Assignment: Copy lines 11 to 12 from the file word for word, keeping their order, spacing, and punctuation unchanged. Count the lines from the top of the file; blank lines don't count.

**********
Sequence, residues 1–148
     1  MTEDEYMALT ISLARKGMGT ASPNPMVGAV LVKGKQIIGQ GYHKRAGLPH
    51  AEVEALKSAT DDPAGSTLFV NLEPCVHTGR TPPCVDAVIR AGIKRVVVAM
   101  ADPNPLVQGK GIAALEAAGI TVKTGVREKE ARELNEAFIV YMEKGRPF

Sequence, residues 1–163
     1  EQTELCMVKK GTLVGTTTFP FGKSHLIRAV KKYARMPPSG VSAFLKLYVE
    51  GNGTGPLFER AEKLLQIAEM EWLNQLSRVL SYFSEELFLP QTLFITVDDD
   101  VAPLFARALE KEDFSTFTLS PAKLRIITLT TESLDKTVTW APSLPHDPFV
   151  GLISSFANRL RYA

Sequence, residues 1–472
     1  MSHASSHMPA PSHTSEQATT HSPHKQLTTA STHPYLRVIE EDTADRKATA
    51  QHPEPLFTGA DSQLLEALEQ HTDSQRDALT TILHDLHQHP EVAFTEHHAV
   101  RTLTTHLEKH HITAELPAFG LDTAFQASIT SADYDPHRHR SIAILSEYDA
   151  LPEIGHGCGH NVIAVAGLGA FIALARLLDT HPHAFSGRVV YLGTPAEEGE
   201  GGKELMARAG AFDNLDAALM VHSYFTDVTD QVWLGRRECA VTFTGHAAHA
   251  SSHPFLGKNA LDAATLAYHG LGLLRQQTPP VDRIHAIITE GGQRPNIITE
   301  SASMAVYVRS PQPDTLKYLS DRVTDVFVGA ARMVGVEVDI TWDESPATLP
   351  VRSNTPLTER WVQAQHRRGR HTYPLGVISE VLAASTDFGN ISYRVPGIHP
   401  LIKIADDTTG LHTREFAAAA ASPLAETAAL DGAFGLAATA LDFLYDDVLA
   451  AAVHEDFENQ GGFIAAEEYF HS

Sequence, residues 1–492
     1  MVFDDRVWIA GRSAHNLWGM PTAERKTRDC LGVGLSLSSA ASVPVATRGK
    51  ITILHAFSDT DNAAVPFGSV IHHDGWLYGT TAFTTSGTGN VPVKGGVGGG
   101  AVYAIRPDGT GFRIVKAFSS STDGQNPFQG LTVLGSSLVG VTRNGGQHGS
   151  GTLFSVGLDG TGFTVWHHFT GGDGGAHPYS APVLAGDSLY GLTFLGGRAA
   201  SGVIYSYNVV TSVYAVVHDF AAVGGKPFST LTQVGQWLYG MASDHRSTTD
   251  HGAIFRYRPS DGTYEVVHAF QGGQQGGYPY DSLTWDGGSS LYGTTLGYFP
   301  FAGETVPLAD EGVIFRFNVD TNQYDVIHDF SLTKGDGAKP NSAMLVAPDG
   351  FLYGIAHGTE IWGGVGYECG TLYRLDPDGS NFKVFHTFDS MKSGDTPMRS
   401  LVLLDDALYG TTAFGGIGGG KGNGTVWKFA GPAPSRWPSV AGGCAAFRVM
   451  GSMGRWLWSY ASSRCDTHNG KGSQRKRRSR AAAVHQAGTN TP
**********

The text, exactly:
     1  MSHASSHMPA PSHTSEQATT HSPHKQLTTA STHPYLRVIE EDTADRKATA
    51  QHPEPLFTGA DSQLLEALEQ HTDSQRDALT TILHDLHQHP EVAFTEHHAV